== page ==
For this I have to go back 62 years plus - to the November 1947 edition of Popular Mechanics Magazine. The above illustration is an advertisement for a remarkable post-WW2 product - the Crosley car which the ad claims produced a 2,800 mile trip for 16 dollars.
I broke out my trusty (sometimes) calculator and figured out what it cost me for a 2,800 mile segment of last summer's trip to the west coast. Hmmm. Hmmmm. Hmmmmm. Something isn't working out right here. Twenty-eight hundred miles divided by 30 (miles to the gallon on our trusty Dodge Caliber) comes out to around 93 gallons of gas which (at $2.75 a gallon) computes out to about $267 dollars for 2800 miles. And we talk about progress?
Well, if I came up with a miracle on the Caliber and got 50 miles to the gallon (like the Crosley) I'd have used 56 gallons of gas and paid $154 dollars for the trip.
But wait a minute - we didn't pay $2.75 a gallon for gas in November of 1947 - we were much more apt to get five gallons for a dollar. So there you have it -- fifty miles to the gallon and 20 cents a gallon probably computes to a figure pretty close to the Crosley advertisement claim. And I know that five gallons for a dollar is a valid figure - I used to pay that when I was much younger.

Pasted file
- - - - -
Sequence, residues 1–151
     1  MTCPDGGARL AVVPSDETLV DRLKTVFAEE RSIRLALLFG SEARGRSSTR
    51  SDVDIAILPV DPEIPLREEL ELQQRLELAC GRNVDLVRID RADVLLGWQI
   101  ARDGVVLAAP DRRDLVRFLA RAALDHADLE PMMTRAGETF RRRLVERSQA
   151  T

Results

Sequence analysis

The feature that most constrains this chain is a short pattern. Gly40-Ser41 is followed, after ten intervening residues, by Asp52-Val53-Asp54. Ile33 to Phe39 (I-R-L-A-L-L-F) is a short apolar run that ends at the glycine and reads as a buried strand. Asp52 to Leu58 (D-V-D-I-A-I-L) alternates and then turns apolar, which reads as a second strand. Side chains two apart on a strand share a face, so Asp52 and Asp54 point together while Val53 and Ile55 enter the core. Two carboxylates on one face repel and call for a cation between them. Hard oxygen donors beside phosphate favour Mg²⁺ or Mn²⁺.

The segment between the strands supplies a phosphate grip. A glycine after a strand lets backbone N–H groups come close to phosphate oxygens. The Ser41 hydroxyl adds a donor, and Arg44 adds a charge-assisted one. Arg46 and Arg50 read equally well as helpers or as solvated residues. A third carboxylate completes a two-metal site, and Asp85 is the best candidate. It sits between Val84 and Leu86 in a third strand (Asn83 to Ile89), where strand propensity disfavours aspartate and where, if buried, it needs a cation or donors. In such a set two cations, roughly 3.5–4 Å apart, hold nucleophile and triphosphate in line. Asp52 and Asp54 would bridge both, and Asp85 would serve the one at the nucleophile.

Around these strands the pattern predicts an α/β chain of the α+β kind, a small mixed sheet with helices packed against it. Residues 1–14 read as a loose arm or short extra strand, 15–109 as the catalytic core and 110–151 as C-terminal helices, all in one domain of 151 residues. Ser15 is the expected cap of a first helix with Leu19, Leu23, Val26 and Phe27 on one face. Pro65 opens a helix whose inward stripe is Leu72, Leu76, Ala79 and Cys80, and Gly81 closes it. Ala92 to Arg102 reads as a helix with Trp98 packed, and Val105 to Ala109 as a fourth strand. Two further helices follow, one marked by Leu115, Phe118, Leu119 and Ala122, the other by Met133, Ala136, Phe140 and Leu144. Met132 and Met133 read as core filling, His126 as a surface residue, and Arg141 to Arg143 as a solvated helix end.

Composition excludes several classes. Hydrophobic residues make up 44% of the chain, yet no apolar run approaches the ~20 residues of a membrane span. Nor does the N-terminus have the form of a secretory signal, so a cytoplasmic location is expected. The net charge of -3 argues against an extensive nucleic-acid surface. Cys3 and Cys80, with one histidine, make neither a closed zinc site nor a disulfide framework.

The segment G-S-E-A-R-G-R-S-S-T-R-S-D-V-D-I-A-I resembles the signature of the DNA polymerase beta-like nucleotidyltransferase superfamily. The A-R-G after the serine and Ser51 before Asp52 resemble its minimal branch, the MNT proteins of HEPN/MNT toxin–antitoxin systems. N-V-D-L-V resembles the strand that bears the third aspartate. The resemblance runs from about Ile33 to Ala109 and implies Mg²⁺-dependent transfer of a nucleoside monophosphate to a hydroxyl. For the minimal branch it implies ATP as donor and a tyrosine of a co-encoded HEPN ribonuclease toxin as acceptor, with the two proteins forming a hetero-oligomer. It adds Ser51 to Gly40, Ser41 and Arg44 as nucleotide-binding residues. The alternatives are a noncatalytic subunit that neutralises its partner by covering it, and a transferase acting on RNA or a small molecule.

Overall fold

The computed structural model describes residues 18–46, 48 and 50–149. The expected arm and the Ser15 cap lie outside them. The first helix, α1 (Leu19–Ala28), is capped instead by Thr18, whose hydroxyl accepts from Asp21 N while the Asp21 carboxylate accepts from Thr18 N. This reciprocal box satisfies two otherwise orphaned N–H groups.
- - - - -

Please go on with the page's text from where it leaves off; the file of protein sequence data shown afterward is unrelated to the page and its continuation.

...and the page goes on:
Then I took a look at the price for a Crosley - note the ad: $888 at the factory (plus tax). Hey, I forgot that there was a time when you could go to the factory and get your new car as it rolled off the assembly line. Then I thought about the prices on cars today and I wonder how we came about the difference. What a difference a few years make!
The Crosley could hold four people (granted, they may have to have been pretty small, but the Crosley I rode it wasn't tight). Keep in mind the fact that I was not a big feller but the car was not that small. There may not have been bucket seats and a fancy console between the seats - but hey, there was togetherness and we've lost sight of old fashioned togetherness in a car. In the early 70's Joyce and I double-dated once with our eldest daughter and her boy friend and we went in a Volkswagen 'Bug'. It was cozy and we had a blast. Now that I think of it, how often do parents double date with a daughter and her boy friend today. I suspect daughters today would say something like, "But mom (or dad) -- what would my friends think if they saw us out together on a date like that?" They survived it (though they ended up with different mates) and it went down as a treasured memory.
I remember in my Air Force days that one of my friends in Italy rented a Fiat Topolina. Translated that would read 'little mouse'. It was little but it provided good transportation and didn't cost a bundle. And we fuss today because car size is shrinking.
So, I guess there's something to the saying that we've come a long way - but it sure costs a heap more today than what it did in 1947. And it may not be as much fun.